In a new study from the University of Texas, researchers found people with psychiatric disorders, including schizophrenia and mood disorders, are less likely to test positive for COVID-19 but have increased COVID-19 mortality.
They examined the odds of testing positive for and mortality from COVID-19 among and between patients with schizophrenia, mood disorders, anxiety disorders, and a reference group with no major psychiatric conditions.
A total of 2,535,098 unique individuals were included in the population studied, of whom 3,350 had schizophrenia, 26,610 had mood disorders, and 18,550 had anxiety disorders.
The researchers found that the rate of testing positive for COVID-19 in 2020 was much lower for the schizophrenia group and the mood disorder group than the anxiety disorder group, which was closer to the reference group (9.86% and 9.86% vs. 11.91%).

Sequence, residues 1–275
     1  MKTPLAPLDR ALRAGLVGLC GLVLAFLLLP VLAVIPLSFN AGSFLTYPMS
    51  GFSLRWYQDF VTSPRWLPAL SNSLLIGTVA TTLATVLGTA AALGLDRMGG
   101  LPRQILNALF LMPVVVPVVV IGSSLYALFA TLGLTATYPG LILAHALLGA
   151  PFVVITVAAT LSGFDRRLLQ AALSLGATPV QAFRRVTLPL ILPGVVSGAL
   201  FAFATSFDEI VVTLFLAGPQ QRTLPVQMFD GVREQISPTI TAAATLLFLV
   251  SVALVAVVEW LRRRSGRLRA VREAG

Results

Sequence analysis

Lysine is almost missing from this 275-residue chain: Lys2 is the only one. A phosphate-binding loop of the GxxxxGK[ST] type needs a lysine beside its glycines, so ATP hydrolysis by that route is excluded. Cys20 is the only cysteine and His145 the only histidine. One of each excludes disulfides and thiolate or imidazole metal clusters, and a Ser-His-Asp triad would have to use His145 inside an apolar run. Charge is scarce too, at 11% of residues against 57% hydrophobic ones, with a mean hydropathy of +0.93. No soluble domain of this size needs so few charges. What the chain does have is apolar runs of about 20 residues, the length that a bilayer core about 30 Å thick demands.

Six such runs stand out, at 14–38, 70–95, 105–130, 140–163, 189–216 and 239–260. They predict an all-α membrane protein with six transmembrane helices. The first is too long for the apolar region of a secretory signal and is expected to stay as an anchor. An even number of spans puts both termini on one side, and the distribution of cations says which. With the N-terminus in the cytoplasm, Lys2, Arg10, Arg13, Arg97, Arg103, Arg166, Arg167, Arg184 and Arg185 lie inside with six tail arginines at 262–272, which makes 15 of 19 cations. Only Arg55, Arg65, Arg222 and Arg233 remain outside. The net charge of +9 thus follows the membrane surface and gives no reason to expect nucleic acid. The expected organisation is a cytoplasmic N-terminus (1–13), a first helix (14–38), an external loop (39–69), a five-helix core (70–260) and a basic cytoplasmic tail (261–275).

But compared with the reference group, patients with schizophrenia were nearly four times more likely to die from COVID-19.
The odds of mortality were also increased for the mood disorders COVID-19 group and anxiety disorders group.
The study’s findings suggest the need to foster recognition of pandemic risks on specific groups of patients with psychiatric conditions and may drive alternative approaches to COVID-19 disease testing and interventions to improve clinical outcomes
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The study is published in JAMA Network Open. One author of the study is Antonio L. Teixeira, M.D., Ph.D.
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